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Garden Soil Amendments

Improving garden soils with soil amendments

By: Sandy Feather 2010
Penn State Extension


  
Q. I am starting a new vegetable garden, and I was wondering what the best soil amendment would be. I have access to free horse manure, but someone told me I would get a lot of weeds from it. Would peat moss or mushroom compost be better?

A. It's true that many weed seeds pass through an animal's digestive system intact and ready to sprout when environmental conditions permit, so you can wind up with a lot of weeds from horse manure. However, it can be a good soil amendment that increases the organic content as well as the fertility of your soil. Because you have ready access to horse manure, you can till it into your garden, allow the weeds to sprout, and then till them under or kill them with a nonselective herbicide such as herbicidal vinegar (20 percent, not the 5 percent vinegar found in your kitchen), a soap-based herbicide such as Sharpshooter or Roundup (glyphosate) before planting your vegetables.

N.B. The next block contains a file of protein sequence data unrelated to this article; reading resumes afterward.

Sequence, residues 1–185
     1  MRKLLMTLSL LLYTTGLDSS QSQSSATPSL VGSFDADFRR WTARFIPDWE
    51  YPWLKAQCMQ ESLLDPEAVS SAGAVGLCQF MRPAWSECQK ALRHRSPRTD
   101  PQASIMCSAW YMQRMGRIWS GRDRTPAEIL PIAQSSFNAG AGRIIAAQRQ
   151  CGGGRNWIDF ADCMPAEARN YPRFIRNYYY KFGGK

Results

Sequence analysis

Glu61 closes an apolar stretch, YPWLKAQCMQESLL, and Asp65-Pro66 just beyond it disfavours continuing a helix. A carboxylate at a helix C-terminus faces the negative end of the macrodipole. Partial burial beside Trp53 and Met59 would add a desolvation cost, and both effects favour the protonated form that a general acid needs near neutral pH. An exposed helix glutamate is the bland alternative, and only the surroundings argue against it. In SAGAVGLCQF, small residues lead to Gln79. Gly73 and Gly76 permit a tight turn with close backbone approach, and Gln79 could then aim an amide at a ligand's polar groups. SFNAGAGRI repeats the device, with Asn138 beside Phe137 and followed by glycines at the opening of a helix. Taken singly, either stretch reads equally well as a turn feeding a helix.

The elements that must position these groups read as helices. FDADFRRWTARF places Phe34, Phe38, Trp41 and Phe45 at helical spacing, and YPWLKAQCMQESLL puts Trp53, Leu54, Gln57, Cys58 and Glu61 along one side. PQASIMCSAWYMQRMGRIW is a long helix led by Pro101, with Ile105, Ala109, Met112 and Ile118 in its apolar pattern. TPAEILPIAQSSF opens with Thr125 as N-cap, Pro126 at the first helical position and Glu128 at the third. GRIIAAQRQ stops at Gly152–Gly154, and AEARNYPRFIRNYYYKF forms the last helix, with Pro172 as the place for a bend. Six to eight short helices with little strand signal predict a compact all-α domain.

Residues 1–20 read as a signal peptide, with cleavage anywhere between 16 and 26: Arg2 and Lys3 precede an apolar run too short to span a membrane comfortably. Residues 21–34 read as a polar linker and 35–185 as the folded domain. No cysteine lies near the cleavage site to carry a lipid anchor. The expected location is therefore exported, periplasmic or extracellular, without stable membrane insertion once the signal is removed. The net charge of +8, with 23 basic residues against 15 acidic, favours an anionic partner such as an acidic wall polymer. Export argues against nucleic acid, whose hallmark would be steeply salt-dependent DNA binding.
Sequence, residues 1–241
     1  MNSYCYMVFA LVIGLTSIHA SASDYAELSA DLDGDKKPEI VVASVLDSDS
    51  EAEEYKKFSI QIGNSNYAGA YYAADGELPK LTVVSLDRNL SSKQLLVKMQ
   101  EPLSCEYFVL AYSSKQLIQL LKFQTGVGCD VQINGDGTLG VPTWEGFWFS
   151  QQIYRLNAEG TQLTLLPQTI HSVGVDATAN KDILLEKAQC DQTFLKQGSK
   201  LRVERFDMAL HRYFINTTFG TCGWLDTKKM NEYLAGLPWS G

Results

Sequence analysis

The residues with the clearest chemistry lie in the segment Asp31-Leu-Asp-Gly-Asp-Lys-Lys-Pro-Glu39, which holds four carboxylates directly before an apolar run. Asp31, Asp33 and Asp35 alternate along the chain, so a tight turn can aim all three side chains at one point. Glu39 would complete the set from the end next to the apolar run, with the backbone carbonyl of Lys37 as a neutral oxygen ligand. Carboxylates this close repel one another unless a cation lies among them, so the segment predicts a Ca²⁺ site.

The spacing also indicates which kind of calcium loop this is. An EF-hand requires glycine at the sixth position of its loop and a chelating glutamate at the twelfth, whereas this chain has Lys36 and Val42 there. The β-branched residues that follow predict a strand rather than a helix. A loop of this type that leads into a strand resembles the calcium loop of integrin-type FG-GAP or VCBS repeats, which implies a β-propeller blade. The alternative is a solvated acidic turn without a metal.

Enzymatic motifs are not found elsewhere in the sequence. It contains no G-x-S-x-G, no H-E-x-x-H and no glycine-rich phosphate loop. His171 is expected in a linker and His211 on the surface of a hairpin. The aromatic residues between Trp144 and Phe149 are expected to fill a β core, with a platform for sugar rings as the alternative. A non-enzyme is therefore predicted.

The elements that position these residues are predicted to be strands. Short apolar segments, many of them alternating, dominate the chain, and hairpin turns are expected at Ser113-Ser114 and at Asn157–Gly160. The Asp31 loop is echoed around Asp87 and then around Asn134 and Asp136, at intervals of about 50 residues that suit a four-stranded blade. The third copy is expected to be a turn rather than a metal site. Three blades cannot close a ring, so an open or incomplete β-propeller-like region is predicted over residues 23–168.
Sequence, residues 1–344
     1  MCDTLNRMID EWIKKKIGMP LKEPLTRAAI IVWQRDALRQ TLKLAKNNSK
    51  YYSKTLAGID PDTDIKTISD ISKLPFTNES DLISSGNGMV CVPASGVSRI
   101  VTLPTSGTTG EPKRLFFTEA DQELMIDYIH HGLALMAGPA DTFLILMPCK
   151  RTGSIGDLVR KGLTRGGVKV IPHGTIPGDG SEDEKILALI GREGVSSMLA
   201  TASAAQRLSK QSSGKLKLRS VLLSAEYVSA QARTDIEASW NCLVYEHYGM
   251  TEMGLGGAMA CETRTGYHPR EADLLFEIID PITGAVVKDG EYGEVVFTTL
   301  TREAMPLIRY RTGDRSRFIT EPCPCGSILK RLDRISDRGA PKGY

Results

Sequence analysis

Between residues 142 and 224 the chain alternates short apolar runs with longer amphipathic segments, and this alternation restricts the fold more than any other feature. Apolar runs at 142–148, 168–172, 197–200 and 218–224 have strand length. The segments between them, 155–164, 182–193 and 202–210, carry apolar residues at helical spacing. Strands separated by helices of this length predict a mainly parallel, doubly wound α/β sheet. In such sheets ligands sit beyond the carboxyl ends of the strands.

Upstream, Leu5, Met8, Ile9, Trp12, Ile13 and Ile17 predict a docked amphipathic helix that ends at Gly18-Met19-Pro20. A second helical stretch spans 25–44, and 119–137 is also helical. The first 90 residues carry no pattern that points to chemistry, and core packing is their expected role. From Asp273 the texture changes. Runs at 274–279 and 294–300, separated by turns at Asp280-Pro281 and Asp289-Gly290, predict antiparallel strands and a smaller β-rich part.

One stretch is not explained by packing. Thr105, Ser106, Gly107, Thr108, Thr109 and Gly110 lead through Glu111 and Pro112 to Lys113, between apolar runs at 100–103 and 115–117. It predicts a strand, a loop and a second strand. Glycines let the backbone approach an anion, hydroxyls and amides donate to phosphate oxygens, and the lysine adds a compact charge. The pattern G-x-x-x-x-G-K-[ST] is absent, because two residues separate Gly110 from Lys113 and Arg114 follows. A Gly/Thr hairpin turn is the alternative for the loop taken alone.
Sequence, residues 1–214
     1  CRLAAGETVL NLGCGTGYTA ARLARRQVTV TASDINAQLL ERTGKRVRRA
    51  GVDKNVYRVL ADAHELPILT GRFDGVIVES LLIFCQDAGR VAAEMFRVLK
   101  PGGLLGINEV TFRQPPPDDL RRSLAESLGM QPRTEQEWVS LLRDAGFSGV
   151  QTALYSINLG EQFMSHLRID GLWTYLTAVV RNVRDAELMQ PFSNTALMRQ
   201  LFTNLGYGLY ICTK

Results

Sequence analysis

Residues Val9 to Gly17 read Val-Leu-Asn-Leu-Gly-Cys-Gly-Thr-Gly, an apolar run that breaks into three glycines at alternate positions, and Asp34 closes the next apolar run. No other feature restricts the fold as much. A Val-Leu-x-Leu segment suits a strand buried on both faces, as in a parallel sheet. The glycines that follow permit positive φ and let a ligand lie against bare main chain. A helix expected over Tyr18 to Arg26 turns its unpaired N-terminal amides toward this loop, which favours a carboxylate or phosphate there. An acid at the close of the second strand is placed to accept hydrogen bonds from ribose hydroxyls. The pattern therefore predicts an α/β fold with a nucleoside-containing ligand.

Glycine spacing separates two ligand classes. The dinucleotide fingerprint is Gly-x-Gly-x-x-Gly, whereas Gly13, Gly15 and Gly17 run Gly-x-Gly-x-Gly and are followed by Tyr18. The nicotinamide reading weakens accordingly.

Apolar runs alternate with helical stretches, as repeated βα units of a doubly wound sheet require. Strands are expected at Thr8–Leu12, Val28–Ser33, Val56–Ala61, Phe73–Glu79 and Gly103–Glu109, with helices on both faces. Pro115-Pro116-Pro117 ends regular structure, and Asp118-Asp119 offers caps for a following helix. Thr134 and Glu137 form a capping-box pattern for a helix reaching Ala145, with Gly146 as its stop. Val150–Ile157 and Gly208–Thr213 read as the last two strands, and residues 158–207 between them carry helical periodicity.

Horses bring us horse manure and the basics for mushroom compost

To minimize weed problems, you might want repeat this process by tilling the garden again to bring more weed seeds up to the soil surface to germinate, then till them under or kill them. Then you should put down a 2 to 3 inch layer of mulch, and disturb the soil as little as possible when you plant to minimize weeds. In light of food safety concerns, the USDA now recommends against using fresh manure within 120 days of harvest.

 

Peat moss is OK as a soil amendment, but it is nutrient-poor and tends to acidify the soil slightly. If your soil needs to be acidified, peat moss would be fine. You should have your soil tested so that you know what is needed to get the pH (acidity or alkalinity) into the optimum range of 6.2 to 6.8 that most vegetable crops prefer, as well as what specific nutrients are required.

Mushroom compost is a great soil amendment, but it has a high pH and also has a high soluble salt content. If your soils are too acidic and the pH needs to be raised for optimum vegetable growth, mushroom compost might be the best choice for your garden.

MORE

Soil amendments

Saving Vegetable Seed

Composting for the garden

      


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